Through the portal to Tongatapu
In the extended investigation of the magical powers of art he called The Resurrection of Philip Clairmont, Martin Edmond suggested that paintings can emanate light and heat and even health. Edmond described visiting the homes of several very elderly owners of canvases by Colin McCahon, who sat beside their taonga the way other people might sit beside fires on a cold night. McCahon's miraculous arrangements of paint were, Edmond explained, nourishing and protecting their owners.
Outside my Glen Eden home the temperature has dropped to nine degrees; lamps stain the evening mist a mixture of yellow and green, so that it resembles a vast cloud of poison gas. I am protected from the Auckland weather by a heat pump, and by a series of artworks that I bought on Tongatapu, that flat ancient island where winter is no more than a tall story told by returning travellers. It is a quarter to eight, and I know that, two thousand kilometres away, in a shack that leans tipsily over Fanga'uta lagoon, the artists, musicians, and kava addicts of the Seleka Club are beginning their night's work.
I am sitting under a painting by Tevita Latu, who began his career spraying revolutionary slogans on the walls of Nuku'alofa, was tortured and charged with treason after the riot that levelled much of the business district of that city in 2006, and a few years later founded a kava club for Tonga's cultural and political avant-garde.
Some of the posters produced collectively by Seleka members - I remember a strange dragonwoman, who had emerged from the sea to confront Tonga's patriarchal ruling class - will be pinned to the walls, and a few prints of Picasso and Cezanne torn out of old art books will be scattered about a long table, in between pots of glue and a rubble of crayons. A stereo will emit an unpredictable mixture of death metal, rap, and reggae, some of it recorded at Seleka by Ongosia and his friends.
Tevita Latu will be moving up and down the long table, watching the club's young artists draw or paint or paste. Occasionally he will pause to offer praise or advice, or to grab a crayon or paintbrush and add a fish or star or halo to a work in progress.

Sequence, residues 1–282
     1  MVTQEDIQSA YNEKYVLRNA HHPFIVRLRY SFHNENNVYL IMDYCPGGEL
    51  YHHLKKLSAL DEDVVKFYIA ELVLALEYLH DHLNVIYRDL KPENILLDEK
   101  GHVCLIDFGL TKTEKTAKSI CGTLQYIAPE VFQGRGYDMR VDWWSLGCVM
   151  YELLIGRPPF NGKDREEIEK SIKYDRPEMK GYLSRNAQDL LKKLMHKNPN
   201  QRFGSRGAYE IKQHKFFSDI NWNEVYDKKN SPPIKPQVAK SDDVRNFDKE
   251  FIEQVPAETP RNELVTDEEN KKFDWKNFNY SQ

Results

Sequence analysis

Outside the shack moonlight and smoke from umu fires will lie over Fanga'uta lagoon, disguising the sight and smell of the sewage that flows endlessly out a pipe from Tonga's national hospital.
I am sitting beneath an untitled image - a mixture of collage and crayon work - by Tevita Latu. Like many of Latu's images, this one is disturbingly ambiguous. Three women stand on a piece of earth, beneath a sky that begins in a peaceable shade of blue and slowly grows purple with cyclonic rage. The women are topless, in defiance of the last one hundred and seventy years of Tongan history, but they are not the erotic South Seas maidens beloved of the palangi imagination: their breasts hang as heavily and ominously as war clubs.
The women's eyes are huge with wonder or alarm, and their three-fingered hands reach towards the sky. Are they waving at me? If they are waving, are they asking me to rise and step forward, into their warmer world, or do they mean to warn me of the storm that is turning their sky the colour of rotten talo? Are the women dancing, and, if they are, do they move in celebration, or for the pleasure of a powerful audience, like the ancient kings of Tonga, who pulled nubile dancers out of palace performances and stowed them in royal bedchambers?
What are not ambiguous, what do not require interpretation, are the heat and light that pour from Latu's image. This work was made in the midst of a permanent summer, where warmth is as reliable as the tapa makers who beat their bark in every village or the waves that wreck themselves on the rotten teeth of Tongatapu's reefs.
The heat has stripped clothes from Latu's women; the light has bleached their wide eyes.
The Selekarians will work until dawn, breaking only to step onto the gangplank at the edge of their shack and piss into Fanga'uta lagoon. They will sleep through the morning, and through the useless hot hours that follow noon, and then rise, and load their art onto the truck they have salvaged, repaired and painted. They will circumnavigate Tongatapu, pausing to swim, to buy bags of peanuts from Chinese shopkeepers, and to hawk their paintings, drawings, and collages to any palangi tourists or middle class Nuku'alofans they encounter. Tomorrow night they will be back in their shack, pouring the heat and light of their island into new images.
[Posted by Scott Hamilton]